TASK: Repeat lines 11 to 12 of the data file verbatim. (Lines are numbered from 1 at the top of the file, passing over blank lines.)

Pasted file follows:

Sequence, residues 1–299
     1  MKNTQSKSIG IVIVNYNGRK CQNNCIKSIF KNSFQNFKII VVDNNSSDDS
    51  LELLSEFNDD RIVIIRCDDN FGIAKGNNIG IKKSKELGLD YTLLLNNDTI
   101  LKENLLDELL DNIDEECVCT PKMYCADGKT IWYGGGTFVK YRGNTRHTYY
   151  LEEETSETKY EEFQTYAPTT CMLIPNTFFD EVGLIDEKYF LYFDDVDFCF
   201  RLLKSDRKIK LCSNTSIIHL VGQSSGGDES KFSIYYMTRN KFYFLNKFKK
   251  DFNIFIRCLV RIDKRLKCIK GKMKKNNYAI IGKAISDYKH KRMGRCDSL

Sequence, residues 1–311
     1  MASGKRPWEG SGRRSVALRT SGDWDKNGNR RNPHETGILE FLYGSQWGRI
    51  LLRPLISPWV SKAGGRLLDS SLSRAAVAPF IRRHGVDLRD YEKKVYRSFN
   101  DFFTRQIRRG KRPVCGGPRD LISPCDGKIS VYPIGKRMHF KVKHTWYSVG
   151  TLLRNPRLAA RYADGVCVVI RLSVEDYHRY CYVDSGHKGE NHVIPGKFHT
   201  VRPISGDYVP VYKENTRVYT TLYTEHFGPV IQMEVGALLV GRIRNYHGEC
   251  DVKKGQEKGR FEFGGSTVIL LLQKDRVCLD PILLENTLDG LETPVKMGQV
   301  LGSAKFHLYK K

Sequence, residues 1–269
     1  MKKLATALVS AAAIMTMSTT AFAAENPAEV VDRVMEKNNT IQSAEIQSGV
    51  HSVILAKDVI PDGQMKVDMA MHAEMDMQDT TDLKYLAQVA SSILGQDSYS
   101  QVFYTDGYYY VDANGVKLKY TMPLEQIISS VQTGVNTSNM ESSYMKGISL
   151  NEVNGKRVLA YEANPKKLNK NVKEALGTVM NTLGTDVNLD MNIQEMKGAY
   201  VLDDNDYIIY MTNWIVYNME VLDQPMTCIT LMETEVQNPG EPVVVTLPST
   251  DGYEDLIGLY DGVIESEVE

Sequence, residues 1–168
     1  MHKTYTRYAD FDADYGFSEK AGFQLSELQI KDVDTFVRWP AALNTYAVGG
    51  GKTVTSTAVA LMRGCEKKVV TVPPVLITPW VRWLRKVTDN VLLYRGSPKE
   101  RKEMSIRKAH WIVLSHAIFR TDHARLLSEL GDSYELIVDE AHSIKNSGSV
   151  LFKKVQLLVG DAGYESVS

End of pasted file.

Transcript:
   101  DFFTRQIRRG KRPVCGGPRD LISPCDGKIS VYPIGKRMHF KVKHTWYSVG
   151  TLLRNPRLAA RYADGVCVVI RLSVEDYHRY CYVDSGHKGE NHVIPGKFHT